View Full Version : Kyokushin Karate

8th December 2002, 14:22
Hello all. I am trying to find a dojo to enroll my son in, however, there are not many to choose from over here. I have found a place by the name of McCullough Submission Fighting that also teaches Kyokushin Karate (in addition to some sort of UFC type MMA for adults). The instructor is a man by the name of Will McCullough.

Has anyone heard of this fellow in respect to Kyokushin karate? This dojo is apparently endorsed by the U.S. Karate Federation (? not sure if this is the same as the U.S.A. Karate Federation).

I know this is a bit of a shot in the dark, but perhaps someone has heard of him. I plan on watching a class - is it true that the beginning kata are similar to those of Shotokan? I may recognize some of it if so, although it has been many years since I practiced Shotokan. Is there anything else I should be looking for, or asking?


Budoka 34
8th December 2002, 17:58

The only USKF I know was run by Hanshi Robert Fabrey out of Sharpsville Pa.

It is not part of Hanshi Andersons USAKF.

Hanshi Fabrey's organization was not part of any Kyokushin group, at the time of Oyama Senseis death, that I know of.

I trained with Sensei Fabrey for several years. He was a good teacher that focused on the kihon and he turned out some talented students.

If Mr. McCullough is teaching Kyokushin as taught by Hanshi Fabrey the first kata is Taikyoku Sonoichi. They teach three "levels" of Taikyoku.

I'll see if I can find out more, or put you in touch with Hanshi Fabrey.

Hope this helps.

8th December 2002, 19:22
You might want to see if he is affiliated with
the Inernational Federation of Karate - IFK
here is their link for the US:

I would say watch a few classes and see what you think.

9th December 2002, 05:01
Thanks for the help, gentlemen. I'm going to observe a class tonight.

9th December 2002, 12:12
There is a USKA around that has Kyokushin schools as members. A local school run by Jimmy Blann is part of it.

I don't have any contacts in the USKA, but I will ask Jimmy.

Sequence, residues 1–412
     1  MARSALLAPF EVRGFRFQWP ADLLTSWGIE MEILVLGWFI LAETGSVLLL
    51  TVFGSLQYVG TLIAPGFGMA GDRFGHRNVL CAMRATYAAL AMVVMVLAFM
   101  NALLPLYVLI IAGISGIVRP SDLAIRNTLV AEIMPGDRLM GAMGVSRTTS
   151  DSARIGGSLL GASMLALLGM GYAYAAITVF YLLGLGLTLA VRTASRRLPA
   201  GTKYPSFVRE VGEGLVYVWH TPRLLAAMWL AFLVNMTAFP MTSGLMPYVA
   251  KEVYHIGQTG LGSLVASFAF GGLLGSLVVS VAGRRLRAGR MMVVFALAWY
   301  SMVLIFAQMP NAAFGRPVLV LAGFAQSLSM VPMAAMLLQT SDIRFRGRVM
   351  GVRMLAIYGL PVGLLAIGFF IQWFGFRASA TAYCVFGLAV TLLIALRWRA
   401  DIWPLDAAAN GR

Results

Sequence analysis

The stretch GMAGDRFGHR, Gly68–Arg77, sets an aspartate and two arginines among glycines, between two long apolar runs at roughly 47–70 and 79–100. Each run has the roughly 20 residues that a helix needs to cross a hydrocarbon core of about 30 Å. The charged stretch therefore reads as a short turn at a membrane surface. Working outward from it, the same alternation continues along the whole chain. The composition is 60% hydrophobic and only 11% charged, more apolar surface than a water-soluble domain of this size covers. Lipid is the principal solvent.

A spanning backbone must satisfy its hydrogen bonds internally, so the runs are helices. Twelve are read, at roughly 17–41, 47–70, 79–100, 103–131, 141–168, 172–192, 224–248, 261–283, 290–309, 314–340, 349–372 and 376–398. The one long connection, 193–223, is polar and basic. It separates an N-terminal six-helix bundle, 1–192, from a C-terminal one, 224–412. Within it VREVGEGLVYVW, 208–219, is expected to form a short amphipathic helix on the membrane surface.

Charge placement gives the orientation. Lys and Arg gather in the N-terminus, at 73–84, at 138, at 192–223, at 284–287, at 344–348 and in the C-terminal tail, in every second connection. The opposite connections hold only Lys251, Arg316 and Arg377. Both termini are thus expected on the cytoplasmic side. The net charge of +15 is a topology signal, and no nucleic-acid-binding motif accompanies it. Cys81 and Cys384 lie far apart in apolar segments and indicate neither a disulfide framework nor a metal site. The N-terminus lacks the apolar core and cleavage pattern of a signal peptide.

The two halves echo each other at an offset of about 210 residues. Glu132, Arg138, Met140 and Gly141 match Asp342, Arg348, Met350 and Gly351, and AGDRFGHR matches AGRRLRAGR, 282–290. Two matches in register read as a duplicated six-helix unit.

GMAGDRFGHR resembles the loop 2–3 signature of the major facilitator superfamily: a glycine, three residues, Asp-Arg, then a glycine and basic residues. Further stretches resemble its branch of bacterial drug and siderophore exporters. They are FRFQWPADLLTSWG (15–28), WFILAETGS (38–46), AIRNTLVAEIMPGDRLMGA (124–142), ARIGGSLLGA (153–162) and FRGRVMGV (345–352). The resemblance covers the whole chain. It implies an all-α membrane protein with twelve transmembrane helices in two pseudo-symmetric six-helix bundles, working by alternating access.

10th December 2002, 03:06
LOL, Mr. Dyer...first sig with sound I've ever seen! Well, I was a bit mistaken. He does apparently hold a nidan in Kyokushin, but what he teaches is a MMA incorporating a variety of skills from many different styles (not only Asian arts, but also L.I.N.E., Greco-Roman wrestling, and western boxing), in which he either holds rank or has other experience. I was very impressed both at his skill and at his enthusiasm and teaching ability. He is also a retired Marine close combat instructor, so we have some common ground.

The kids seemed to be learning real skills, as well as having a good time, and in the adults class even the 'beginner' adults appeared to be quite good with a well-rounded skill set. This type of eclectic style and the fairly informal manner are a bit different than what I'm used to, but the respect is there, the skills are evident, and formal class is held five days a week, with the dojo open for individual training and practice on Saturdays..one may come as often as one wishes. He is very honest about what he's teaching - there are no mystical lineages or anything. He has been training for 24 years.

What was really odd was that the man appears to be just as naive (http://www.e-budo.com/vbulletin/showthread.php?s=&postid=147979#post147979) as I am. From their dojo guide:

"For our kid's classes, we feel strongly that martial arts should not only instill self-defense skills, but also assist parents in teaching life long values. Each child's class we spend time discussing "The value of the month". Our young students must be able to discuss, understand, and give examples of these values in order to be considered for promotion to their next rank. The values discussed include - Positive Thinking, Responsibility, Respect, Acceptance, Cooperation, Honesty, Friendship, Generosity, Self Discipline, Compassion and Perseverance. In addition, young students who are not performing to their parent's standards at school or at home will not be permitted to test for promotion, regardless of their conduct at our class."

Of course this latter part will not need the sensei's intervention in my case but it is good to hear. He really seems to care about his students.

Anyway, sorry for the rambling post. Just wanted to let ya know how it went, and say thank you all for your help. I think we've found a good place.